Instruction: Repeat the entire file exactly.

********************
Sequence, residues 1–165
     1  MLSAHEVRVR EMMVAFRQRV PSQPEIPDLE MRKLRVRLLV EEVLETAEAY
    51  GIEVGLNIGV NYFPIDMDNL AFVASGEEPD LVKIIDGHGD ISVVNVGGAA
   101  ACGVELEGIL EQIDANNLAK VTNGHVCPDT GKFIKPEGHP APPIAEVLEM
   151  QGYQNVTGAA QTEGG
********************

Sequence, residues 1–165
     1  MLSAHEVRVR EMMVAFRQRV PSQPEIPDLE MRKLRVRLLV EEVLETAEAY
    51  GIEVGLNIGV NYFPIDMDNL AFVASGEEPD LVKIIDGHGD ISVVNVGGAA
   101  ACGVELEGIL EQIDANNLAK VTNGHVCPDT GKFIKPEGHP APPIAEVLEM
   151  QGYQNVTGAA QTEGG